The downside to this is that it may increase load time depending on how much content is included in the style sheet, so we recommend only including a few fonts at any given time. When deciding which fonts to use for your website, keep these things in mind: readability, accessibility (think mobile and screen readers), quality of the font, and browser compatibility. We recommend sticking with one or two fonts at a time per project to reduce loading time and maintain readability.

Should I Always Use Variants?

No. Variants are a useful tool for condensing your HTML, but you should use them sparingly. One of the most common reasons people use variants is to assign different weights or styles to their fonts. However, it’s not always necessary, as there are other ways to do this with CSS. For example, you can use CSS3 features like font-weight and font style to achieve the same result without using variants.

In addition, if you decide to go with variants, make sure they have been installed on the user’s computer before the browser renders your website. If the variant font doesn’t exist on their computer, they won’t see anything but blank space where the text would normally be displayed. This is why it’s important to use conditional coding so that all visitors will be served a consistent experience — even visitors who don’t have your preferred fonts installed on their computers. This leads us to our next question.

What is a font stack and how do they work?

A font stack defines the order of your fonts, so you can use the first font listed if it’s available and the next one if it’s not. Let’s say you want to specify three different fonts for your website: Arial, Times New Roman, and Comic Sans MS. You could create a single font stack like this: ``` font-family: Arial, "Times New Roman", Comic Sans MS; ```.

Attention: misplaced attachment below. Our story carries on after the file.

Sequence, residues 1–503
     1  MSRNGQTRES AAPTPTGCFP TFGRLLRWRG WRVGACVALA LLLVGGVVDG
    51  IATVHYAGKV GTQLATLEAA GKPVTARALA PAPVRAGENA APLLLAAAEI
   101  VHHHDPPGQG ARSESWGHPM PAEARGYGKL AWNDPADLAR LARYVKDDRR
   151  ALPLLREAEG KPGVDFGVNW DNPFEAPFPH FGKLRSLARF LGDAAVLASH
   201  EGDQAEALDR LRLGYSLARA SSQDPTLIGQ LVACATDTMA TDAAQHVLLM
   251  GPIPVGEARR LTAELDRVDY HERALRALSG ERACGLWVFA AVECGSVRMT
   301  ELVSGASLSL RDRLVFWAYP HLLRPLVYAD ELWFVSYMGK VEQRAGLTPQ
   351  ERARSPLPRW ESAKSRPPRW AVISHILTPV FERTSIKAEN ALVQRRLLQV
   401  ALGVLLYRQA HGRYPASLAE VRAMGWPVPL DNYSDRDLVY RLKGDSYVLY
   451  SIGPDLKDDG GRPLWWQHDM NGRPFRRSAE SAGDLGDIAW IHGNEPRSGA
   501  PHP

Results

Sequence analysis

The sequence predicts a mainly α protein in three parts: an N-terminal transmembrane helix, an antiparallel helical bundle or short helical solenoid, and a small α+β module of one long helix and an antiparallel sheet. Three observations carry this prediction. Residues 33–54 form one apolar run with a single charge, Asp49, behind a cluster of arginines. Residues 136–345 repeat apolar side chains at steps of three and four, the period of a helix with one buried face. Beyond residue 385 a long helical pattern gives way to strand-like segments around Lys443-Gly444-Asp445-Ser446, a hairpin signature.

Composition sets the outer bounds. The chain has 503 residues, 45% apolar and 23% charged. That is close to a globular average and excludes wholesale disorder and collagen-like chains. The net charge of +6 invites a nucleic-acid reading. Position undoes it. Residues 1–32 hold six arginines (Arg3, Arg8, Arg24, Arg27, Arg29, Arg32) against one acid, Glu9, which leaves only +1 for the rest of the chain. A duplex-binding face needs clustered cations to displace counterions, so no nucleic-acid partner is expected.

If all three fonts exist on the visitor’s system, then they will be displayed in this order. However, if only Arial and Times New Roman are available on the visitor’s system, then only those two would be displayed. If Comic Sans MS is not available at all, then nothing would be displayed in that spot of the font stack.

How to Order Your Font Stacks?

When specifying your font stacks, order matters. Suppose you want to assign the “Segoe UI” font to an element and then use it in combination with a sans-serif font for smaller text. Your CSS would look something like this: p { font-family: "Segoe UI", sans-serif; } small { font-family: "Segoe UI", sans-serif; }.

What are the best practices when using font stacks?

When using font stacks, it is necessary to use a generic font for paragraphs of text. This ensures that the text will display on any platform and browser. Using a generic font like sans-serif (or "Arial") will prevent any issues with text not displaying correctly. Additionally, it is important to consider the specific typefaces you are using in your design.

When choosing fonts, try to use clean and simple fonts that are similar in weight, form, and style. This will help keep your design balanced and uniformed for a more attractive appearance. Lastly, when selecting a font family for your site you should always try to limit yourself to only two or three fonts at most. This will ensure that the website is easy to navigate and continues to look aesthetically pleasing.

Browser Support

CSS font-family supports all the commonly used browsers such as Chrome, Firefox, Edge, Safari, and Opera.


Likely you've heard of the font-family property. It’s one of the most basic properties in CSS and it can be used to set fonts.